US Republican and Democratic senators have introduced legislation that would require border agents to have a warrant before searching the electronic devices of American citizens entering the country.
The new bipartisan bill tabled on Tuesday would prevent warrantless searches of Americans' phones, laptops and other digital devices at entries to the United States, potentially bringing immigrants coming to the country under greater scrutiny.
The legislation, called the “Protecting Data at the Border Act,” is deemed as a response to an increase in such electronic searches at airports and border crossings, stating that US nationals should be aware of their rights before giving up passwords and digital account information or handing over their devices to law enforcement officers.
"Americans' constitutional rights shouldn't disappear at the border… By requiring a warrant to search Americans' devices and prohibiting unreasonable delay, this bill makes sure that border agents are focused on criminals and terrorists instead of wasting their time thumbing through innocent Americans' personal photos and other data," said Democratic Senator Ron Wyden.
Republican Senator Rand Paul also noted that “Americans should not be asked to surrender their rights or privacy at the border, and our bill will put an end to the government’s intrusive practices."
The bill comes amid rising concerns among privacy advocates in recent months, with US President Donald Trump's administration fanning those concerns by the implementation of "extreme vetting" security checks to restrict the flow of immigrants and refugees into the country.
US Customs and Border Protection agency recently said that it had conducted 23,877 electronic media searches in 2016, a significant increase from 4,764 the year before out of nearly 400 million arrivals.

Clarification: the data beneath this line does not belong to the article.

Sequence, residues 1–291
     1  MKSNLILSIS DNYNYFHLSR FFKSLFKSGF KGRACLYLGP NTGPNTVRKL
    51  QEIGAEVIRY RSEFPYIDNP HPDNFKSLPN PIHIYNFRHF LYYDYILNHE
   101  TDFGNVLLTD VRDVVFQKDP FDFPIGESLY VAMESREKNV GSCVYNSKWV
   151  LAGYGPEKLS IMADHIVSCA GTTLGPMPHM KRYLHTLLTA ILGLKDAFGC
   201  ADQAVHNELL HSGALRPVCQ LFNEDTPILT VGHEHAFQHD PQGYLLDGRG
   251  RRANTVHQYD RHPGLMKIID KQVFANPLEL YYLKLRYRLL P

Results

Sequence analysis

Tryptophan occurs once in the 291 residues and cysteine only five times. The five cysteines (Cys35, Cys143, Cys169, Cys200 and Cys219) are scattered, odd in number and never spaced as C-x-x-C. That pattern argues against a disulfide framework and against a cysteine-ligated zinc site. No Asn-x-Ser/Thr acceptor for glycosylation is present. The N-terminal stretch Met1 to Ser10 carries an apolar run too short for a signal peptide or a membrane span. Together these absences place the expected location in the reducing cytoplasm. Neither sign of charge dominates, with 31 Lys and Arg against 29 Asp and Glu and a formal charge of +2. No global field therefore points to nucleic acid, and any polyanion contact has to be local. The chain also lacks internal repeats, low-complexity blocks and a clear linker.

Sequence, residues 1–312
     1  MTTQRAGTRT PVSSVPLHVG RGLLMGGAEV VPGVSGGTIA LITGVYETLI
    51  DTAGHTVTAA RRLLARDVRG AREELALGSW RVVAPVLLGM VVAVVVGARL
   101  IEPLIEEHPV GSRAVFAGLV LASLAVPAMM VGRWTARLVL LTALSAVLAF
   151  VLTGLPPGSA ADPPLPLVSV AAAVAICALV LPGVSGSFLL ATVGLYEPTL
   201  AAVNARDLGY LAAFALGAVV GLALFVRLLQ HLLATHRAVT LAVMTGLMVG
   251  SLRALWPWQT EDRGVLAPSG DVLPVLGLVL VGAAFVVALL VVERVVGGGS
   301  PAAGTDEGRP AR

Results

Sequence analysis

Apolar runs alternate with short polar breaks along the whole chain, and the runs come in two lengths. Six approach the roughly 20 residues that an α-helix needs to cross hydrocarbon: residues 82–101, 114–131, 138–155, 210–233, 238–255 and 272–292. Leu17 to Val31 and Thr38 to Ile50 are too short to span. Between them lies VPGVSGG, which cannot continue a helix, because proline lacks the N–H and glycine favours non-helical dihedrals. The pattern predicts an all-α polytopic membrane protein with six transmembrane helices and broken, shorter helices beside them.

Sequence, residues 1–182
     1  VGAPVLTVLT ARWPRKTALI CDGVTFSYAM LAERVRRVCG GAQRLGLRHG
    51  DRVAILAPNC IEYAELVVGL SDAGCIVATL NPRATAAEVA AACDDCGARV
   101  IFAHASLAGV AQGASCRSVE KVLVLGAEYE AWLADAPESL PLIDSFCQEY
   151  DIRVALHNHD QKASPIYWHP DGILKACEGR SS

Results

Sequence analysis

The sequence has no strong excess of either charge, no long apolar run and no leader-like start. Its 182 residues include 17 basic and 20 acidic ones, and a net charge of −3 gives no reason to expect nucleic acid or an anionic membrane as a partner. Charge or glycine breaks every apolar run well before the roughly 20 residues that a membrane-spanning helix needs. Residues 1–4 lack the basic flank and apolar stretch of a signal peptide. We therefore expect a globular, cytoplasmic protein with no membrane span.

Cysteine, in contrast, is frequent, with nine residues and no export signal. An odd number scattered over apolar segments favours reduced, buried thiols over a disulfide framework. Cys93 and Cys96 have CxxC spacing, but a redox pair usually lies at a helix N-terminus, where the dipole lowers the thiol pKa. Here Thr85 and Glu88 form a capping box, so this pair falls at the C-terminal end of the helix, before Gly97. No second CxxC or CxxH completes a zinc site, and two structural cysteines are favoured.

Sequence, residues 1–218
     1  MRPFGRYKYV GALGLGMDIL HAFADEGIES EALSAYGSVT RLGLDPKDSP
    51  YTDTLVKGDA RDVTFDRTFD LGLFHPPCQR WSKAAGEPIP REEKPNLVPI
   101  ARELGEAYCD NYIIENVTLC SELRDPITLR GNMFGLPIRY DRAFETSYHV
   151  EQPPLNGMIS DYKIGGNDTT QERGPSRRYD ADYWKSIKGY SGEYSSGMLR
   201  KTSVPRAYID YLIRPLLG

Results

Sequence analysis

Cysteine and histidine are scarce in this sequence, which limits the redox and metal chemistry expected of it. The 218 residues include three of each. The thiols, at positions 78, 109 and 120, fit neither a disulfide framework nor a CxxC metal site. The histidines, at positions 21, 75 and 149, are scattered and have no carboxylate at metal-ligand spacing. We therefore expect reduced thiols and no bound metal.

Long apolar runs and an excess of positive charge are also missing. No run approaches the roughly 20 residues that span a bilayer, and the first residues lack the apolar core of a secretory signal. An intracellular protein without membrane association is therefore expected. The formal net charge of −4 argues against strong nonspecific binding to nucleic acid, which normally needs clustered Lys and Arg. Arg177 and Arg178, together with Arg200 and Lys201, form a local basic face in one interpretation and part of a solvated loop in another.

Trump’s election campaign had been marred by his disparaging remarks against minorities in the US, including a call to ban all Muslims from coming to America as well as stopping Mexican migrants by building a long wall along the US-Mexico border.
As the first step to deliver on one of his most divisive campaign pledges, Trump signed a directive to begin the construction of a wall on the border with Mexico just less than a week after assuming office in Washington.
The Manhattan billionaire also estimated the cost of erecting the wall, pledging to force Mexico to cover it.
Trump signed an executive order on January 27 that imposed a temporary travel ban on citizens from seven Muslim-majority countries, including Iran, Iraq, Libya, Somalia, Sudan, Syria and Yemen and placed an indefinite ban on Syrian refugees. The move also suspended admission of all refugees for 120 days.
The new US president came under immense pressure from politicians and rights groups to rescind the Muslim ban and the measure also created a global backlash with a growing number of countries including long-standing US allies criticizing the curbs as discriminatory and divisive.
In a revised order later, Trump removed Iraq from the original list because of concerns about the country’s role in fighting terrorism.